"And the Israelites came into the sea on dry land, the waters a wall to them on their right and on their left. And the Egyptians pursued and came after them, all Pharaoh’s horses, his chariots, and his riders, into the sea. And it happened in the morning watch that the LORD looked out over the camp of Egypt in a pillar of fire and cloud and He panicked the camp of Egypt. And He took off the wheels of their chariots and drove them heavily, and Egypt said, “Let me flee before Israel, for the LORD does battle for them against Egypt.”
Robert Alter: "in the morning watch": By Israelite reckoning, the last third of the night, from 2:00 a.m. to 6:00 a.m. The Hebrews, then, would have marched through the Sea of Reeds during the night, literally plunging into the dark, for the pillar of fire would have been behind them rather than leading them on their way. "the LORD looked out": The Hebrew verb hishqif is generally reserved for looking down or out from a high vantage point.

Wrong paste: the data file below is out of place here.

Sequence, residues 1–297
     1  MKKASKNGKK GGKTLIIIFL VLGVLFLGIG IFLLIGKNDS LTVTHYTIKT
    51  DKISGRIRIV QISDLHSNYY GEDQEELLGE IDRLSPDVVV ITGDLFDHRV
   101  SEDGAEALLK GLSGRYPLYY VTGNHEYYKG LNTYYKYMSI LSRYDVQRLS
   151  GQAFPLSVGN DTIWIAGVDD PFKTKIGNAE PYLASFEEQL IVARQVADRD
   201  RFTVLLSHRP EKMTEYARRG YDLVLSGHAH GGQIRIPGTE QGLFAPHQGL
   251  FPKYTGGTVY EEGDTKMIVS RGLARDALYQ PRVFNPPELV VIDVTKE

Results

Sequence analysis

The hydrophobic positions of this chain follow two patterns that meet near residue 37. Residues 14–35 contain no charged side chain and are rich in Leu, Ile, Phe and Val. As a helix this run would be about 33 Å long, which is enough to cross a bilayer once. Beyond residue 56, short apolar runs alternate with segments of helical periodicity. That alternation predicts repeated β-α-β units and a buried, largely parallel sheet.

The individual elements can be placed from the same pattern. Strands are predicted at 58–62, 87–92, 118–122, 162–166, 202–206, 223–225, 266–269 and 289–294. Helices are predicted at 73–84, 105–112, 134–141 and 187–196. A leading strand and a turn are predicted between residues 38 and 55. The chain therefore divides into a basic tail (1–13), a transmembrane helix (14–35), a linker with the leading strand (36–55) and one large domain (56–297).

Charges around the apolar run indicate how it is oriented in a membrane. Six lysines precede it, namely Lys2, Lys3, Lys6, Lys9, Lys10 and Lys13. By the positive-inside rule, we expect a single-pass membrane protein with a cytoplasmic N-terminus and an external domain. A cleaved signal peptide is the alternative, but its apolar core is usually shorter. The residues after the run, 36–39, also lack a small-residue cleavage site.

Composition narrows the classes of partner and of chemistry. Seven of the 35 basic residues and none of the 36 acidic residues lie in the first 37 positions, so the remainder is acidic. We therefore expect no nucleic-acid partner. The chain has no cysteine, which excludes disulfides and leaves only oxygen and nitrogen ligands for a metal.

"in a pillar of fire and cloud": The double identification is presumably because of the moment of transition toward daybreak when the fire becomes cloud. The narrative sequence at this point is not entirely clear, but it might be sorted out as follows: during the night, the Israelites make their way across the sea, with the protective pillar of fire following after them. The Egyptians, seeing their movement, which would be joined with the receding pillar of fire, begin pursuit. As day breaks, G-d looks down on them from the pillar of fire just as it turns back into a pillar of cloud.